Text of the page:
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Thursday, May 15, 2014 12:01 am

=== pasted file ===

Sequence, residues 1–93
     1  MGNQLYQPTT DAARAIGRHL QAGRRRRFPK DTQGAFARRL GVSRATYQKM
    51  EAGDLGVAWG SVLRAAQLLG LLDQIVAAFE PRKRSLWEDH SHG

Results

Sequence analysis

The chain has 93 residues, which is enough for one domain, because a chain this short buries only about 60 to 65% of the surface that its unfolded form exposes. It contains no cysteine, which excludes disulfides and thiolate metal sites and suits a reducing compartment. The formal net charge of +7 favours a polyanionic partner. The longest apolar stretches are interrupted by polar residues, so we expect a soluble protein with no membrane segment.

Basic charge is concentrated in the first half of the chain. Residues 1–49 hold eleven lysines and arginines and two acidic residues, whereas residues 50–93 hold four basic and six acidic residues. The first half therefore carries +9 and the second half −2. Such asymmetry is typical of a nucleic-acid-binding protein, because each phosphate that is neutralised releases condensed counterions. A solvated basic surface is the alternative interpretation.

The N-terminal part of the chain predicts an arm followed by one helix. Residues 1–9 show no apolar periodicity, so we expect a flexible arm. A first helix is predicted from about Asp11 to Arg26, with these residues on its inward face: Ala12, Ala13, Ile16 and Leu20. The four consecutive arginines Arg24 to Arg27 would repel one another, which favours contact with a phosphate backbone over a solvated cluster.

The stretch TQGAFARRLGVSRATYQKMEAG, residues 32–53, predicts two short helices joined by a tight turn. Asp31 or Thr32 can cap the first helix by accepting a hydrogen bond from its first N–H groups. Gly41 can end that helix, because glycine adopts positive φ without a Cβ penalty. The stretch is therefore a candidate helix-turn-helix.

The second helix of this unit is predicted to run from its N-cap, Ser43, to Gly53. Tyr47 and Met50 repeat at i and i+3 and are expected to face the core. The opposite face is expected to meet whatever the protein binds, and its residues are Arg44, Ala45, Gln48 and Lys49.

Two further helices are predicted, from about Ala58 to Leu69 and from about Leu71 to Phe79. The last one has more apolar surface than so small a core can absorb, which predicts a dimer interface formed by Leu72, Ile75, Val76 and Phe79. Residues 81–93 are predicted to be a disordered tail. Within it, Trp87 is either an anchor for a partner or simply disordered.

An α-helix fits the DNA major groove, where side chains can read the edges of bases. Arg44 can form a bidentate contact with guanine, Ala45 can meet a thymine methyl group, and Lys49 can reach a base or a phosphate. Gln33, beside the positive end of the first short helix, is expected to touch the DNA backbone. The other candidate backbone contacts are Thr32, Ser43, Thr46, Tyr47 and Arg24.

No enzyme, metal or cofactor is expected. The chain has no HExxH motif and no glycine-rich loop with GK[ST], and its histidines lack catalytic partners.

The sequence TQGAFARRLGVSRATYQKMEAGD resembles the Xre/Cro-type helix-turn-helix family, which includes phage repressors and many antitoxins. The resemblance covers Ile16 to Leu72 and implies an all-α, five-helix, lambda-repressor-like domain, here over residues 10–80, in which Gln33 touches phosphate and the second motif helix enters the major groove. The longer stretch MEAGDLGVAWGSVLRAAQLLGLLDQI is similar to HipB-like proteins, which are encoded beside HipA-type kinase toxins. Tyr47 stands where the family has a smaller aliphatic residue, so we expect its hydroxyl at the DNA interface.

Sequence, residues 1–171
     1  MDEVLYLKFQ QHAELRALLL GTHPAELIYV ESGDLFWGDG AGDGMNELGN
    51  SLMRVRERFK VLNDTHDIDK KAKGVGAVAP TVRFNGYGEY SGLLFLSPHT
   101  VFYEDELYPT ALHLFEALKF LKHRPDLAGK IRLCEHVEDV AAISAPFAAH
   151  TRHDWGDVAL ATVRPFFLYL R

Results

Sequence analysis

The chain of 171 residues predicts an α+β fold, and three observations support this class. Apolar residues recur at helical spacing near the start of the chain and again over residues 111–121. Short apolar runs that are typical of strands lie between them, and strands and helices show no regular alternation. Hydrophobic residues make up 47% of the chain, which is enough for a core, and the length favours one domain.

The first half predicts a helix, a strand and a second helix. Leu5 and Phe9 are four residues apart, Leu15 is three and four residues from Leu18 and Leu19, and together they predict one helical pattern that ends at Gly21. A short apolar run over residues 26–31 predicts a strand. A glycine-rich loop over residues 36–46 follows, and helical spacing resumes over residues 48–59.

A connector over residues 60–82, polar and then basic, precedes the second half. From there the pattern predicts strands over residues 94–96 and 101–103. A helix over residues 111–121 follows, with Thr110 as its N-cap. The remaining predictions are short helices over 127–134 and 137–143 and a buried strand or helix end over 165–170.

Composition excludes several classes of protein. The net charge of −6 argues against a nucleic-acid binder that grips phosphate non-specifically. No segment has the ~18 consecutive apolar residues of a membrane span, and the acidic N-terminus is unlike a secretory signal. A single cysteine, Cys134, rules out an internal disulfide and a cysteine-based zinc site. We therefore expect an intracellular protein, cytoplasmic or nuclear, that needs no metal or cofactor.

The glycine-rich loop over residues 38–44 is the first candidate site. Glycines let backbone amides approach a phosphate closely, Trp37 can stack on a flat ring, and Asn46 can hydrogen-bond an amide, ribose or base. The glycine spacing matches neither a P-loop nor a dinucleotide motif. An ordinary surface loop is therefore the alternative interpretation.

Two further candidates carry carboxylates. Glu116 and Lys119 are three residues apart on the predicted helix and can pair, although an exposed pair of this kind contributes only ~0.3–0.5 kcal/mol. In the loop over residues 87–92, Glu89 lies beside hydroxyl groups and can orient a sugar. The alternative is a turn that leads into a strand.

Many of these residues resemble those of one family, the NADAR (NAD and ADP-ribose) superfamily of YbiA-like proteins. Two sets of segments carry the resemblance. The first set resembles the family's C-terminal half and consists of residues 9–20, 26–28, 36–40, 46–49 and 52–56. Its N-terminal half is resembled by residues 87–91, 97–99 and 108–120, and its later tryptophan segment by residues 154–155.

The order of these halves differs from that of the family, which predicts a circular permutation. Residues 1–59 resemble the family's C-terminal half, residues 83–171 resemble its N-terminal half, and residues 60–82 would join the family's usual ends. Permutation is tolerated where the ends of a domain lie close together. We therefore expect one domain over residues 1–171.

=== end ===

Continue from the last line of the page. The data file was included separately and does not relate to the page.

It didn’t take long for Sangamon County Circuit Court Judge John “Quick Draw” Schmidt to gun down an attempt by the City of Springfield to wriggle out from under a court order barring the city council from violating the state Open Meetings Act. The best judge east of the Rockies took barely three minutes on Monday to reject the city’s plea to reconsider an injunction that Schmidt issued last year in connection with a lawsuit against the city filed by Illinois Times staff writer Bruce “Deadeye” Rushton, who successfully sued after the city council went behind closed doors to discuss privatizing Oak Ridge Cemetery. Under terms of Schmidt’s injunction, the city could be held in contempt of court if the council gets cute with the law again and discusses public policy in a closed meeting. Assistant corporation counsel Steve “Hopalong” Rahn argued that that the violation wasn’t intentional and that the injunction was overly broad – if the city breaks the law again, the remedy should be a brand-new lawsuit, not a motion to hold the city in contempt. Not so, argued Don “Gatling Gun” Craven, Rushton’s attorney. The injunction should be a reminder to city officials of their responsibility to conduct the public’s business in public, Craven told the judge. “The Open Meetings Act isn’t that hard,” Craven drawled. “It’s not rocket science.” Schmidt, rumored to be in line for the next open seat on the U.S. Supreme Court, agreed. “My order is not changed,” Schmidt thundered. “I think the law tells us we need to be careful in our discussions in private as public bodies.”

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